VBA has available a large number of objects, properties, methods, functions and constants to construct the sometimes complex statements used to control the program. SQL uses a limited range of "keywords" combined with information you supply, such as table names, field names, criteria, and sort order.
There are different ways to execute SQL in VBA code. The easiest way is by using the DoCmd object's RunSQL method. Something like this:
Dim strSQL As String
strSQL = "... THE SQL STATEMENT GOES HERE ...”
The RunSQL method takes two arguments, the SQL Statement itself which must be supplied as a string (i.e. enclosed in quotes) and Use Transaction which is optional and assumes True if you omit it. When transaction processing is applied to a query, Access first performs a "dry run" of the query during which it writes all the changes to a temporary log file but does not make any permanent changes to the database. If the query finishes its task without any problems, the changes noted in the log file are applied and the job (the transaction) is completed. If, however, Access encounters problems while executing the query, the transaction terminates and the log file is discarded without any changes being made. Transaction processing is a very useful safeguard for your data and should always be applied, unless you have a particular reason not to do so.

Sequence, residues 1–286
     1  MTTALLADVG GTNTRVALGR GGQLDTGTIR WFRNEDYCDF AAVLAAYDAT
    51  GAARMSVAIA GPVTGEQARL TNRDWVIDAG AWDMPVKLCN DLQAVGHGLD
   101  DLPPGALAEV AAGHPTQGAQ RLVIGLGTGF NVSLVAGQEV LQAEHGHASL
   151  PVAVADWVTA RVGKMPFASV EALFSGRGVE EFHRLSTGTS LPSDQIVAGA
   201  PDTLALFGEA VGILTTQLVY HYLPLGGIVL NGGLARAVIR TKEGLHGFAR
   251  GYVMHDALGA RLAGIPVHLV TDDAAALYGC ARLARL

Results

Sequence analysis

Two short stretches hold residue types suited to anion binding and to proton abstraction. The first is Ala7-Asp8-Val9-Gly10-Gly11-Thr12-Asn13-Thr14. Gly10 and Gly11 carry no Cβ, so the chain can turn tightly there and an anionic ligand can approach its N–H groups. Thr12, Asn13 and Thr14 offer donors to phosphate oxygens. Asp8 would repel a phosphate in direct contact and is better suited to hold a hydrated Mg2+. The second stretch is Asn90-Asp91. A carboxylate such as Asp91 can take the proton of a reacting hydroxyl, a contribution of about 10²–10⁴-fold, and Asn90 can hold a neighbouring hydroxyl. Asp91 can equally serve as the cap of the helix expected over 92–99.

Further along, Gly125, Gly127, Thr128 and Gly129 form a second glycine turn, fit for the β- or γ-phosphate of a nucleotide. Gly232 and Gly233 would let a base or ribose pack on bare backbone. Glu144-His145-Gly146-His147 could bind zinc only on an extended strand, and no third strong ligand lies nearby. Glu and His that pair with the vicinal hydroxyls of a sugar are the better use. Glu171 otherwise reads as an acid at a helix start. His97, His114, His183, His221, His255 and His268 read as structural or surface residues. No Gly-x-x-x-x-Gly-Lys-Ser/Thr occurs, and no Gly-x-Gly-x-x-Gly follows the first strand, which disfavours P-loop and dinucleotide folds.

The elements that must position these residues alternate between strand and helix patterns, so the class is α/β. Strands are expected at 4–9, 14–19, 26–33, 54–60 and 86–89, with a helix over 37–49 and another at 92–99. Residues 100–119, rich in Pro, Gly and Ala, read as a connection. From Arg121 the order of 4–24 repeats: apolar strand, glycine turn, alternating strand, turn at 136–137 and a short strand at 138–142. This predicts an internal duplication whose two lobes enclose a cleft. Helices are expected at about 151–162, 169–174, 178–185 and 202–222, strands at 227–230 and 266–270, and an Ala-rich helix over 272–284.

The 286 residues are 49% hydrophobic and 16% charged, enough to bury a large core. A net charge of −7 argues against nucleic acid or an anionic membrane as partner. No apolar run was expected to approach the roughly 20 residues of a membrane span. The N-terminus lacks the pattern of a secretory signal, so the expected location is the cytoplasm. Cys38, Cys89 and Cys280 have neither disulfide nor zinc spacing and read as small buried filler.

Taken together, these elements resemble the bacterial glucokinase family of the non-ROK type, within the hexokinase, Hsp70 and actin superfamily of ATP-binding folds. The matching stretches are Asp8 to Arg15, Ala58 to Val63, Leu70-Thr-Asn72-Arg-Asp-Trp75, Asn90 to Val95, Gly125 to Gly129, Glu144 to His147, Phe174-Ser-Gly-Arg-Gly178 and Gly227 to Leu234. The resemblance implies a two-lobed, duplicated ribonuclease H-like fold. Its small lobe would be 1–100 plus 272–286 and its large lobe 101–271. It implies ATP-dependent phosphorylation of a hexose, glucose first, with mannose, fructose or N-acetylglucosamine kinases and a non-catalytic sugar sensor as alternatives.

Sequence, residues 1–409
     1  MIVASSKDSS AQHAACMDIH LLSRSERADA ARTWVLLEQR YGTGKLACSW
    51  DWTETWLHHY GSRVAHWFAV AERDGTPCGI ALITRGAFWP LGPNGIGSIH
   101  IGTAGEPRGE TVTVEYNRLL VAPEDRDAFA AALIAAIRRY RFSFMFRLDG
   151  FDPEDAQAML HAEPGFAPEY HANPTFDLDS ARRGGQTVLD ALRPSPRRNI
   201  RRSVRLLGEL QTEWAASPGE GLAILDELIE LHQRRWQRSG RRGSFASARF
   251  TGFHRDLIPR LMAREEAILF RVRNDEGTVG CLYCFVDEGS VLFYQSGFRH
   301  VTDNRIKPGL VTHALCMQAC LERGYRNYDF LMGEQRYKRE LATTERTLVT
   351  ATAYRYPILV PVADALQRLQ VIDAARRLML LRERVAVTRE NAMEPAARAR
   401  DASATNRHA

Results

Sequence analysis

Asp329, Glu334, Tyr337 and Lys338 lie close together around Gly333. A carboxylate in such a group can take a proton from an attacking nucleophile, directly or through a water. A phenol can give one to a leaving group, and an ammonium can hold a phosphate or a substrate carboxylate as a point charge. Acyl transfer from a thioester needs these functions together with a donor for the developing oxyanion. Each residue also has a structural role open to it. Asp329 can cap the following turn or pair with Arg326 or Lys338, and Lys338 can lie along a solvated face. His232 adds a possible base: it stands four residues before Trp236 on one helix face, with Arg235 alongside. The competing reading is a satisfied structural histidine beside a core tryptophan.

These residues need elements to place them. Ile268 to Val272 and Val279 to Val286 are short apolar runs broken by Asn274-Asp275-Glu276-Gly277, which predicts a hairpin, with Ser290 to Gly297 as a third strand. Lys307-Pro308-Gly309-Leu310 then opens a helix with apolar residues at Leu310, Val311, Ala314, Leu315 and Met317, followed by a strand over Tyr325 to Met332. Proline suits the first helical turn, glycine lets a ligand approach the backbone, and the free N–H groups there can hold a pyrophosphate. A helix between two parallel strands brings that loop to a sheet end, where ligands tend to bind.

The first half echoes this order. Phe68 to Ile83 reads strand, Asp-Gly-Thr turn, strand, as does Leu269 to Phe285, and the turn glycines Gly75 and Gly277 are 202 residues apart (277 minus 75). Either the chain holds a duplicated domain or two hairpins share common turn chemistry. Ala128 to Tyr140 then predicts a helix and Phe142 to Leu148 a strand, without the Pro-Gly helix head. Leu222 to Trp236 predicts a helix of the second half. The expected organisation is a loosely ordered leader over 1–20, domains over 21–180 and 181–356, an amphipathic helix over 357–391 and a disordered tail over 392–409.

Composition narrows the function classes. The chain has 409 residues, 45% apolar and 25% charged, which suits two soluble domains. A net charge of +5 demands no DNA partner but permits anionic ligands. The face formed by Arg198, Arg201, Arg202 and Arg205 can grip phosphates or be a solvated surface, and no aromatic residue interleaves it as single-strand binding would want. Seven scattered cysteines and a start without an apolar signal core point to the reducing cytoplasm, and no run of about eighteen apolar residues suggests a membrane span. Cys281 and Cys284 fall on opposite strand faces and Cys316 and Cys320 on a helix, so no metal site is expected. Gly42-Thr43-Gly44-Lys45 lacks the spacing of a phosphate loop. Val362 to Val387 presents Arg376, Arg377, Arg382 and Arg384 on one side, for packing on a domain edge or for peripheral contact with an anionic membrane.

The SQL window in the Access Query Designer is also the easiest way to debug SQL statements. Most SQL errors are caused by missing keywords. SQL statements in Access are interpreted by the Jet database engine that runs in the background while Access is running. A missing keyword might generate a generic error:
"Syntax error (missing operator) in query expression SELECT...."
Or a more specific error as you narrow down to the faulty part:
"Syntax error in the ORDER BY clause."
If you misspell the name of a field or refer to one that doesn't exist:
"The Microsoft Jet database engine does not recognize LastNme as a valid field name."
Or you might get an 'Enter Parameter Value' dialog box asking you to entry a value for the misspelled name. This type of error almost always refers to a typo in a field name. General steps to troubleshoot this and most types of errors include:
* Open the query in design view and make sure that all references to fields are spelled correctly,
* Check any fields that you recently renamed in the table. This can cause a problem in criteria expressions.
* If you still can't find the problem, open the data source (usually one or more tables or other queries), and check all of the field names, and then recheck your query.
Errors generated by faulty SQL statements in VBA are usually not as helpful or specific as those generated in the Query Designer which is why it's best to create and troubleshoot statements in the Query Designer.
If you want to play around with creating and troubleshooting SQL statements in Access, a good way to do this is to use the Northwind sample database that comes with Access.